History

History

June 25, 2020

Our family has been staying connected through an Instagram feed.  This happened prior to the lock down but our conversations now seem longer and more varied as we virtually share our stories.  Lately we have been sharing about our little granddaughters and their displays of dance.  Three of them are involved in dance studios which have continued virtually.  Now they are holding virtual recitals and we have been able to watch them on our phones.  These are complete with flashy outfits and “all the latest steps.”  I guess it is true, the show must go on!

We got a wonderful picture and an amazing background story to go with it from my sister-in-law on our feed today.  She has an Orchid Cactus (called Queen of the Night; scientific name: Epiphyllum oxypetalum) she keeps in her backyard and it bloomed last night.  This type of night bloomer happens extremely fast and if you do not pay attention you will miss it.  First, they send up an asparagus like shoot. Then two or three days later they bloom, and always at night.  This variety is native to the desert and blooming loses a lot of water.  The large flowers only last one night to conserve as much water as it can and still attract the pollinating insects that help it propagate.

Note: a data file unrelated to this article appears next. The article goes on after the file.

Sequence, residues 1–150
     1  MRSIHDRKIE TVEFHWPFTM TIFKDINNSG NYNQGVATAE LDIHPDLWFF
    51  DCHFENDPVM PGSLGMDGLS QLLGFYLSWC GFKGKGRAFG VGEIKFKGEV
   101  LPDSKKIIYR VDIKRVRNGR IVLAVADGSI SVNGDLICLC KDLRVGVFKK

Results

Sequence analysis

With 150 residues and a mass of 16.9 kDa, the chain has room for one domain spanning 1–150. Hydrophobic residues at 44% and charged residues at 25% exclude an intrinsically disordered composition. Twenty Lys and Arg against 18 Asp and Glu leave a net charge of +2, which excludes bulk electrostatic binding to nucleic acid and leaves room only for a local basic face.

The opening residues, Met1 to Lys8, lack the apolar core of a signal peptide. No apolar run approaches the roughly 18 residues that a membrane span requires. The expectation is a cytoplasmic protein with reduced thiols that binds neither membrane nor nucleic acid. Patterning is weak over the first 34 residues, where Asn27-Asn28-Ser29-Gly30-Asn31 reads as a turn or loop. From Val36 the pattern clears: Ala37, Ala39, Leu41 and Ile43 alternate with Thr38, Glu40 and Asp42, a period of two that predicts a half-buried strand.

As beautiful as the flower is the story behind the plant is more so.  The original cactus comes from her grandmother’s house in Denmark.  During the war in 1945 a bomb exploded in her backyard, creating a tremendous hole, and blowing out all the windows in the house.   Her grandfather rebuilt the house himself and added a window box/greenhouse in the kitchen where she kept the cactus. When the cactus was ready to bloom, she would stay up all night so she would not miss any of its display.  Karen’s cactus is taken from her mother who got it from her grandmothers’ original plant.  The cactus and the story have been passed down from one generation to the next.

THOUGHTS:  I used to listen to Paul Harvey at lunch when I worked at the lake.  His specialty was telling stories in parts, and always with a twist.  His daily closing was, “This is Paul Harvey, and now you know the rest of the story.”  Knowing the rest of the story is often what makes it meaningful.  That is true with the cactus.  I wonder what stories we will generate amid our current unrest.  We can create things of beauty and lasting memories to be passed down to later generations.  We just need to work together to make it happen.  If you can, work to keep the conversation going.

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